I don’t often veer away from football in this column but the events of the past wee while cannot be ignored.
I’m talking about the despicable abuse sent to Dundee players Jonathan Afolabi and Charlie Adam just for doing their jobs.
Despite being a man of words I’ve found it quite difficult to put down exactly the right ones to justify my feelings on this.
As regular readers will have seen, usually I just splurge any old nonsense on the page and let the sports editor deal with it.
This one, though, has taken a bit of thinking about.
The difficulty in doing so is I can’t fathom what it takes for someone to say these things to people they’ve never even met and know barely anything about.
A big part of that is the anonymity people are given online on social media.
It’s so easy to send horrific abuse to anybody you want on Twitter, Facebook, Instagram or wherever.
Because you can just delete your account afterwards and start a new one up.
Having grown up without it – I’d just left school when social media started up in earnest – I don’t particularly like it, I must say.
I use Twitter a fair bit but try my best to restrict that to when I am working. I find I’m a
happier person without it and that says it all really.
We’ve all said things in anger we regret.
Typing them out and firing them off like that, though, takes an extra step of thought, even for brainless morons like these perpetrators.
Football is a game filled with abuse, we all know that.
Footballers and managers are often yelling all sorts of stuff at each other on the pitch.
The same goes in the stands, when fans are allowed in anyway.
(Doesn’t happen too many times in the press box I must admit, though I’ve seen a few fall-outs.)
It’s not particularly pleasant but we accept it as the way of things, as long as the line of decency isn’t crossed.
The vast majority of it is friendly banter and I’d argue that is the bedrock of being a football supporter.
Being able to lord it over your pals because your team beat theirs is one of the purest joys in life.
I absolutely love football, it has given me a career and is a major part of my identity, just like many reading this.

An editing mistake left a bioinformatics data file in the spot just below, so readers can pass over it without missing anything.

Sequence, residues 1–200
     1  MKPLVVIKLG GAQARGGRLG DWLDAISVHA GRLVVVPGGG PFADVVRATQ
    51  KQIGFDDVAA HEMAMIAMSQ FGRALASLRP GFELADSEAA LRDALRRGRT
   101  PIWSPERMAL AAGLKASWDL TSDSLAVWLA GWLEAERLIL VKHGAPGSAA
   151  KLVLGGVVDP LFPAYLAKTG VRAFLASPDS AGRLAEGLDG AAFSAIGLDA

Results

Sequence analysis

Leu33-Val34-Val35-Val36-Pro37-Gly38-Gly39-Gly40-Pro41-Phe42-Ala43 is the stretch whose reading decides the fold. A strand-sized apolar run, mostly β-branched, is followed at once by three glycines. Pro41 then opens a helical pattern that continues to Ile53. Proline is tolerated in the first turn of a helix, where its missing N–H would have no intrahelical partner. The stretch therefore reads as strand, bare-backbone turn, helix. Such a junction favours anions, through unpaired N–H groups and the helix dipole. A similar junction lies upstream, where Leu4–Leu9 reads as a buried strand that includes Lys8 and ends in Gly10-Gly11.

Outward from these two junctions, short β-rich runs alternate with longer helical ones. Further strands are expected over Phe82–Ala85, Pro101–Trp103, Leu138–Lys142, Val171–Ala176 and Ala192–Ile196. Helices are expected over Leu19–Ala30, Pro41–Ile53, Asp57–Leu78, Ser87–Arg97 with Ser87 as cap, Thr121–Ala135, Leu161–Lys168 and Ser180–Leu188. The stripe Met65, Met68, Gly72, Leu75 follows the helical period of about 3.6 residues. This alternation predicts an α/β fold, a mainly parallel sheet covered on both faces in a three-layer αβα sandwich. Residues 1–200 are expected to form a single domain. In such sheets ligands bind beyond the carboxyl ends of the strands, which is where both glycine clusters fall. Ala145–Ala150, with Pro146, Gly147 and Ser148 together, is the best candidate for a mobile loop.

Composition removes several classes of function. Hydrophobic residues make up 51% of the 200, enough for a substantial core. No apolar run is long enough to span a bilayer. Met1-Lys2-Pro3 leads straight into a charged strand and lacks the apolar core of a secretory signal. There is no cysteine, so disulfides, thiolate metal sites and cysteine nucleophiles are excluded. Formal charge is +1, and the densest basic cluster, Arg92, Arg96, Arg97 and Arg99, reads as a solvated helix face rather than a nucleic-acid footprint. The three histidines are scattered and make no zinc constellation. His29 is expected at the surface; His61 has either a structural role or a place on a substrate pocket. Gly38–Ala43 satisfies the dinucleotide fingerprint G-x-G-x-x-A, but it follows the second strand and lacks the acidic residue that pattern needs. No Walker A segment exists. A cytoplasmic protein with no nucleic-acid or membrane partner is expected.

But at no point do I ever think it’s anything more than a bit of a pantomime and love it for the soap opera feel it brings to real life.
But there are plenty who go too far, take the game and all that goes with it a bit too seriously.
Using family bereavement and racism to hurt someone else is way beyond the line of decency.
It is inhuman, horrific, horrendous, disgusting, despicable – whichever word you use to describe it just doesn’t feel strong enough to justify the fury right-minded people feel about this.
Dundee boss James McPake spoke very well on the subject earlier this week and I completely agree something has to be done to protect people.
Otherwise the pit of despair the world is in right now will just get worse and worse.
Dundee-bound Paul McMullan has been moved out of first-team training at Dundee United.
It’s in everybody’s interest now to speed up that move so that he arrives at Dens Park this month.
Particularly for the player.
Arabs won’t be happy to see a player moving across the street for obvious reasons.
However, I would like to see him given the credit he deserves for playing such a major role in getting the Tangerines back to the big time.
He was integral to their Championship-winning side and laid on plenty of goals in particular for Lawrence Shankland.
Now, it makes sense for the Tangerines to get a player off their wage bill they are clearly not going to use.
I think it’s a bit harsh to pull him out of the squad but I understand the decision.
From a Dundee point of view, they’d be delighted to get McMullan in this month.
However, I do know they won’t be wanting to pay a fee when they can just wait until June to get the player anyway.
They’ve been on the other side of this situation with Glen Kamara going to Rangers.
I feel a little for McMullan but he’d have known this was likely to happen as soon as he agreed to move across the road.
It’d be a shame to see a good player like him stuck in limbo for six months.
In stoppage time at Dens Park on Saturday I had already written about Dundee’s big cup shock before Jonathan Afolabi struck.
That’s the perils of on-the-whistle match reports.
It was a surprise it had taken so long for the Dark Blues to break through but I’m not shocked at how decent Bonnyrigg Rose were.
There’s a whole bunch of teams fighting it out to move up the pyramid to League Two.
Clubs in the bottom tier will be looking over their shoulder big time.
The lack of relegation for years let clubs drift and not push on.
It’s all change now and good to see.